his name. That was nothing unusual, it happened all the time (with performers). 'So, Harry, what's your name gonna be,' I asked. 'Something good?' " 'It better be,' he laughed, 'cause it sure is different. You're now talking to Conway Twitty''', Nance said.
The story of how Twitty selected his new name is legend, while looking at a map, he picked Conway from Conway, Arkansas, and Twitty from Twitty, Texas. At least, that's the most popular
story. Twitty and his band were rock and roll artists then.
As a songwriter Nance produced an extensive book of songs. "It's Only Make Believe" earned gold record sales
in the United States four separate times, beginning with Twitty's version in 1958. Recordings of his songs hit the charts in Britain, across Europe, in Canada, Africa and Australia and were featured on movie soundtracks and television shows. Glen Campbell's
version of "It's Only Make Believe" went to number 1 on three different charts in 1970 and Ronnie McDowell's version later went to number 6. After being diagnosed with cancer just months before his death, Nance created "The Jack Nance Songbook'', which contains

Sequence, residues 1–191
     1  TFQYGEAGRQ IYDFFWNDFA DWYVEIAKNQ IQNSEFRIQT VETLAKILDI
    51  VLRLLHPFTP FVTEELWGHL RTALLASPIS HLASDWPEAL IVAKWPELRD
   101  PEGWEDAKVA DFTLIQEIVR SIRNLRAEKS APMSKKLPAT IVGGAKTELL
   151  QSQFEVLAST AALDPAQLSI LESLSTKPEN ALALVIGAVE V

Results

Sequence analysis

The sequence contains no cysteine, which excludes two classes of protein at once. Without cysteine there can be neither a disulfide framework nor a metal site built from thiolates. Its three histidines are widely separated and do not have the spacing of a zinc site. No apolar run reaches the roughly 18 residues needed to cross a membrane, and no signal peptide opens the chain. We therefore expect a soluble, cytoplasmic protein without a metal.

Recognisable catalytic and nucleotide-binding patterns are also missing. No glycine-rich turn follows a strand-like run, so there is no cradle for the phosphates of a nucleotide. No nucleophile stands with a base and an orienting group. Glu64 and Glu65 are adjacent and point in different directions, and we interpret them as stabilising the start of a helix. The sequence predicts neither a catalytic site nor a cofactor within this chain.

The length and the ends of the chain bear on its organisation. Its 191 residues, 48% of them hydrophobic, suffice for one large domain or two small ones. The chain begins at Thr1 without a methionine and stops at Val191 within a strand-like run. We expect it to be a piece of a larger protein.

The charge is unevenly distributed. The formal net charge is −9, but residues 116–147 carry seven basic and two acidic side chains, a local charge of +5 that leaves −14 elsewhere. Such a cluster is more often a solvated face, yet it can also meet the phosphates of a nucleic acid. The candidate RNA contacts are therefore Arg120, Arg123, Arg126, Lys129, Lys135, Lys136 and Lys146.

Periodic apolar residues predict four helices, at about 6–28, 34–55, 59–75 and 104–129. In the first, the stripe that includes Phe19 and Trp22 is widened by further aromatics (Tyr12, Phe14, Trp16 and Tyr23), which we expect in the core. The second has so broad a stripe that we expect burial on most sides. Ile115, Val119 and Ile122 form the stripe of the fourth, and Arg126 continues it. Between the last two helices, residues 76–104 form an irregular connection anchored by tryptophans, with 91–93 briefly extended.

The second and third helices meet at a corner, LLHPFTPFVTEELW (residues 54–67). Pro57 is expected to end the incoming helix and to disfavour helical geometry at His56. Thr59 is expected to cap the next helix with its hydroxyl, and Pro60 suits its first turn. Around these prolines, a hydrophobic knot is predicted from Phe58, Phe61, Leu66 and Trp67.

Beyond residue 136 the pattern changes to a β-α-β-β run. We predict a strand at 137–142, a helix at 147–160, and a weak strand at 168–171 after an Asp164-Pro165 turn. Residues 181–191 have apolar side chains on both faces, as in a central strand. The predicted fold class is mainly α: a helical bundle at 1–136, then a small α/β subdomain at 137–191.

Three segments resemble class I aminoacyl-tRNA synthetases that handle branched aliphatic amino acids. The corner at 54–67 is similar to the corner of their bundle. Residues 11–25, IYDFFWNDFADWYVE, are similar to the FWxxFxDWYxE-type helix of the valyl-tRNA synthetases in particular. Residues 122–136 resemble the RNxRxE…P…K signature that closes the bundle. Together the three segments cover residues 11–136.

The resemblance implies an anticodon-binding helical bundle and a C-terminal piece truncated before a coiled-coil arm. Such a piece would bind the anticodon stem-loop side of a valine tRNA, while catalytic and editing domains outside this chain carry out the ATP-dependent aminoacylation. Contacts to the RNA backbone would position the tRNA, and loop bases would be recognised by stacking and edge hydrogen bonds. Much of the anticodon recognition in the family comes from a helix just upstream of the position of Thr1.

sheet music and lyrics of 27 songs he wrote or co-wrote that were recorded, along with introductory comments for each.
"In 1957, I was playing drums for Conway Twitty.
We were in a tavern in Hamilton, Ontario, Canada named the Flamingo Lounge. We played there for nine straight weeks... The Flamingo Lounge was being remodeled while we were playing there and, since we didn't use a piano, they had moved theirs upstairs. Being
so far away from my home and family, I guess I was a little homesick and would go upstairs during breaks (we would play for 30 minutes and then have a 30-minute break) and monkey around on the piano. On one particular night I started a song, ''It's Only Make
Believe'', just as it was time to go back on stage. I told Conway, 'I had a good song started, and that I would like him to hear it. During the next break we went upstairs and I played piano and sang him what I had. Conway picked up, the lyrics, where I had
stopped and we finished it. It took a total of seven minutes to write it. Conway didn't want to go as high as I had written it, but I convinced him that it needed to build to a climax. This was the first and most successful song that we wrote together. Conway's